Globally 1 in 10 Babies Are Born Prematurely, Says WHO Study: Why It Matters

13.4 million babies were born prematurely in the year 2020, says a new WHO study.

2 min read

One in every 10 live births globally are preterm, says a new study by the World Health Organization, United Nations Children’s Fund, and the London School of Hygiene and Tropical Medicine.

Published on Friday, 6 October, the study reveals that there are approximately 13.4 million babies were born prematurely in the year 2020– before the completion of the 37 weeks of pregnancy.

The Big Point:

In India, a total of 3.02 million early births were reported, making it the highest number of preterm births in the world. This accounts for over 20 percent of the total preterm births reported globally.

The study also found that 65 percent of the total number of preterm births were reported from southern Asia and Sub-Saharan Africa.

According to the study, this was the percentage of preterm births in some countries: 

  • Bangladesh - 16.2 percent 

  • Malawi - 14.5 percent 

  • Pakistan - 14.4 percent 

  • India - 13.1 percent 

  • United States - 10 percent

  • Greece- 11.6 percent

Why Does it Matter? Preterm births have been reported as the leading cause of neonatal deaths – that is the deaths of children below the age of five. 

Moreover, babies born prematurely are at a higher risk of suffering from illnesses, development delays, and conditions like diabetes and heart diseases.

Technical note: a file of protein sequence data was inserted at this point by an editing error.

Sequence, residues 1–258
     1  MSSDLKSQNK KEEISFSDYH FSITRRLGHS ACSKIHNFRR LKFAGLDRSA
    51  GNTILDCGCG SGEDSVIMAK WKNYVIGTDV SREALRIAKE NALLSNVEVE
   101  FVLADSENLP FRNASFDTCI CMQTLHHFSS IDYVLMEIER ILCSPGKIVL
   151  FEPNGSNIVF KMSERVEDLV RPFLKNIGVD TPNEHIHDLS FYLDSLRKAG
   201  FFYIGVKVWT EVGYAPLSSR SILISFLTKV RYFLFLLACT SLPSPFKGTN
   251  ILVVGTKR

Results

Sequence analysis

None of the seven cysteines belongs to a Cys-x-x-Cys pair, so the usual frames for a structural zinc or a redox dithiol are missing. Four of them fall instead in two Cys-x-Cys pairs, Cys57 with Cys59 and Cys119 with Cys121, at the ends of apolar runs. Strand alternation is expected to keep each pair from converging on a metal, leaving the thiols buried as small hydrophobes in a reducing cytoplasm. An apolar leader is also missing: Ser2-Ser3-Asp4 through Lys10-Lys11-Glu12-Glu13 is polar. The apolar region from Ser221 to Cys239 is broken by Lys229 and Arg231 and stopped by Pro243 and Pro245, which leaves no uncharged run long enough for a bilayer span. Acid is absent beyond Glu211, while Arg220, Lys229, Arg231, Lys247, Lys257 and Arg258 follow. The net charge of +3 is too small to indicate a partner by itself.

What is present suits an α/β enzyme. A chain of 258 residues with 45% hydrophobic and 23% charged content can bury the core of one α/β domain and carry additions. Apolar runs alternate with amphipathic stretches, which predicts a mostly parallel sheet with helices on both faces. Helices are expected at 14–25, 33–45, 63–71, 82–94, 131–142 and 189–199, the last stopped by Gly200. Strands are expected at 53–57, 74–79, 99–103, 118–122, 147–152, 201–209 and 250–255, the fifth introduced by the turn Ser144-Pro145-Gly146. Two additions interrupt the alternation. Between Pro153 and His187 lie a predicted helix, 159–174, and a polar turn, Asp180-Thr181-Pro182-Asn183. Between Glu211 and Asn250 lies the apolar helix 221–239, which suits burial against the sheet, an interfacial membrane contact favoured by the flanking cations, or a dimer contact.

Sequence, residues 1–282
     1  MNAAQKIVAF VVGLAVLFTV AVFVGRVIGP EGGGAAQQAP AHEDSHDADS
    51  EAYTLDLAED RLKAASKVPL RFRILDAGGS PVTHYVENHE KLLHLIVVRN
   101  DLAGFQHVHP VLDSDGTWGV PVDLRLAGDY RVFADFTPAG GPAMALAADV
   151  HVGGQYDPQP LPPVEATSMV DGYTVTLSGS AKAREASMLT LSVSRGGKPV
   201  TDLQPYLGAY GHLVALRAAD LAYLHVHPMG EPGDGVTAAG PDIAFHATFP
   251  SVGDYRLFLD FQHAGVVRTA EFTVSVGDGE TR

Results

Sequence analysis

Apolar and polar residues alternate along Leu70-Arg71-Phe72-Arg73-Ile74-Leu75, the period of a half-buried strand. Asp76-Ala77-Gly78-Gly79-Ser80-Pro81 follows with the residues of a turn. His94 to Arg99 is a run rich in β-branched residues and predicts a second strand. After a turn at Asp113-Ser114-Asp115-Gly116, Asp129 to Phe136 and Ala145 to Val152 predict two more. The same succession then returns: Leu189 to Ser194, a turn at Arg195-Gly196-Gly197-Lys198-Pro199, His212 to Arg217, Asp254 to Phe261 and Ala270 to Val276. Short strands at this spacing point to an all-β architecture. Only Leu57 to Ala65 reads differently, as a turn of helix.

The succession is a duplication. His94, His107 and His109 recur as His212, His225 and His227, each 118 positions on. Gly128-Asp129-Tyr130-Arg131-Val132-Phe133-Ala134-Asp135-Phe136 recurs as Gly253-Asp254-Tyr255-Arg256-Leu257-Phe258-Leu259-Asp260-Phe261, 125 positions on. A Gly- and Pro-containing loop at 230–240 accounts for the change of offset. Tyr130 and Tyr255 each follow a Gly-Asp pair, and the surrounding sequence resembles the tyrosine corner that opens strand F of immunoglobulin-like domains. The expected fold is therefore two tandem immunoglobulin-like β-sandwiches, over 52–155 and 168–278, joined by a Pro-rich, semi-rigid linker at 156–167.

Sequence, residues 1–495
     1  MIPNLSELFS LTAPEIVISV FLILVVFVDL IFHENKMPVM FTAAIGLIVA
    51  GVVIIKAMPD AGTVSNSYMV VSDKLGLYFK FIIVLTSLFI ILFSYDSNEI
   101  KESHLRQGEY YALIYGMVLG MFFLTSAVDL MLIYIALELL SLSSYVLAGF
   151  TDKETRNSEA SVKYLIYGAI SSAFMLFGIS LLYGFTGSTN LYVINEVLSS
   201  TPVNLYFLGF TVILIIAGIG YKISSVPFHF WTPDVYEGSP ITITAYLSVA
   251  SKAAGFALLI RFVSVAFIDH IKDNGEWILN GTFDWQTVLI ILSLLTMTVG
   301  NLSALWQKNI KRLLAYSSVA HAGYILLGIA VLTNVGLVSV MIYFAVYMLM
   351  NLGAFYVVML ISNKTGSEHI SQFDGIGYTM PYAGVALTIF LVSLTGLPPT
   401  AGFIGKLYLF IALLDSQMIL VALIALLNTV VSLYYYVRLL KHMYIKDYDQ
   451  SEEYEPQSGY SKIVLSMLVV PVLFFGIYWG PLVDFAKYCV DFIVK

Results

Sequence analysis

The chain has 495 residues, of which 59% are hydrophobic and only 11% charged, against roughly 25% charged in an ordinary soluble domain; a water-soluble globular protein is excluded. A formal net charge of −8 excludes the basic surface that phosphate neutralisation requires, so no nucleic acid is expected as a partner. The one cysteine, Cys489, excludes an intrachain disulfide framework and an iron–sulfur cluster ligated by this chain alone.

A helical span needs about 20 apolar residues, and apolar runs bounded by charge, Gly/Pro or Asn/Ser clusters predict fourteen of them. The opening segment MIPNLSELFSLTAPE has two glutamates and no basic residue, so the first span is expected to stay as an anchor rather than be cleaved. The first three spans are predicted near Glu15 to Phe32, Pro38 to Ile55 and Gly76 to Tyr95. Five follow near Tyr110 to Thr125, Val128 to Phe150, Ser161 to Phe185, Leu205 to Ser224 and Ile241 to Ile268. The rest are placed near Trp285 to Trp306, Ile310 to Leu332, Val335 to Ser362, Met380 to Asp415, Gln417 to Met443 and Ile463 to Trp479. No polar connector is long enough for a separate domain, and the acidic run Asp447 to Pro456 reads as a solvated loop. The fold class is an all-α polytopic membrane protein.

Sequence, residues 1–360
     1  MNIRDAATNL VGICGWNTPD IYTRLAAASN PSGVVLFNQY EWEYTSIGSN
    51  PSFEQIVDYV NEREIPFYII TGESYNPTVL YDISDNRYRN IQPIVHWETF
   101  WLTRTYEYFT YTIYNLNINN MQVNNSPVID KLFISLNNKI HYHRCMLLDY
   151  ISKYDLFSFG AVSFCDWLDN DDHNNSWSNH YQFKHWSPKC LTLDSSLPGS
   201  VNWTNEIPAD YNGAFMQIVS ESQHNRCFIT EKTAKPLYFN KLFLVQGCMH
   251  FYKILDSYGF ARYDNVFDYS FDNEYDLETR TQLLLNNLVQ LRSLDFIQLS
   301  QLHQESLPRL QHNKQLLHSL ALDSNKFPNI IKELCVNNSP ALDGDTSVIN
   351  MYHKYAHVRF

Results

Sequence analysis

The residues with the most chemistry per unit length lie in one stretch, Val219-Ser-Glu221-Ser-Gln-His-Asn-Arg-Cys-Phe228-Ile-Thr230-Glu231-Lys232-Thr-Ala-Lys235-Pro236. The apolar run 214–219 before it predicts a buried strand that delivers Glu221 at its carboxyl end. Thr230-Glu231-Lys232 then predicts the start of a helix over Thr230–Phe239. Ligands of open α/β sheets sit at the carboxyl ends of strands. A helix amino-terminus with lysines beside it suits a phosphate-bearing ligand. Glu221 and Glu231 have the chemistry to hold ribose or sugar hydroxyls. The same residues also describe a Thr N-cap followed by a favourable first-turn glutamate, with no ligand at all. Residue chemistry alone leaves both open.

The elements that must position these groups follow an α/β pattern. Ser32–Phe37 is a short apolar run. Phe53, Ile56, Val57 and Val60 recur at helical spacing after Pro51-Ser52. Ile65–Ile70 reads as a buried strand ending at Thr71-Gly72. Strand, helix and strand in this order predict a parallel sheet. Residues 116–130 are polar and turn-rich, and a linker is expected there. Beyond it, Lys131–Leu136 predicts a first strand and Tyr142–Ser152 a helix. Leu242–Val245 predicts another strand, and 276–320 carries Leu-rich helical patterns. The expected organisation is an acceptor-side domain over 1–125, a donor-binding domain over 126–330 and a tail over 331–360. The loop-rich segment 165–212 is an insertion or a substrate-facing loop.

“Preterm babies are especially vulnerable to life-threatening health complications and they need special care and attention," said Dr Anshu Banerjee, Director of Maternal, Newborn, Child and Adolescent Health at WHO in a press statement. He further added,

"These numbers show an urgent need for serious investment in services available to support them and their families as well as a greater focus on prevention – in particular, ensuring access to quality health care before and during every pregnancy."
Dr Anshu Banerjee

Some of the risk factors that increase the risk of premature births include:

  • Adolescent pregnancies

  • Poor nutrition

  • Infections

  • Smoking during pregnancy

The Larger Context: The study was carried out in 103 countries between 2010 and 2020.

It recommends the urgent need for antenatal care and maternal healthcare improvement.

The study also suggests the need for an in-depth study by individual countries to assess their needs and model their policies accordingly to reduce the rate of preterm births.

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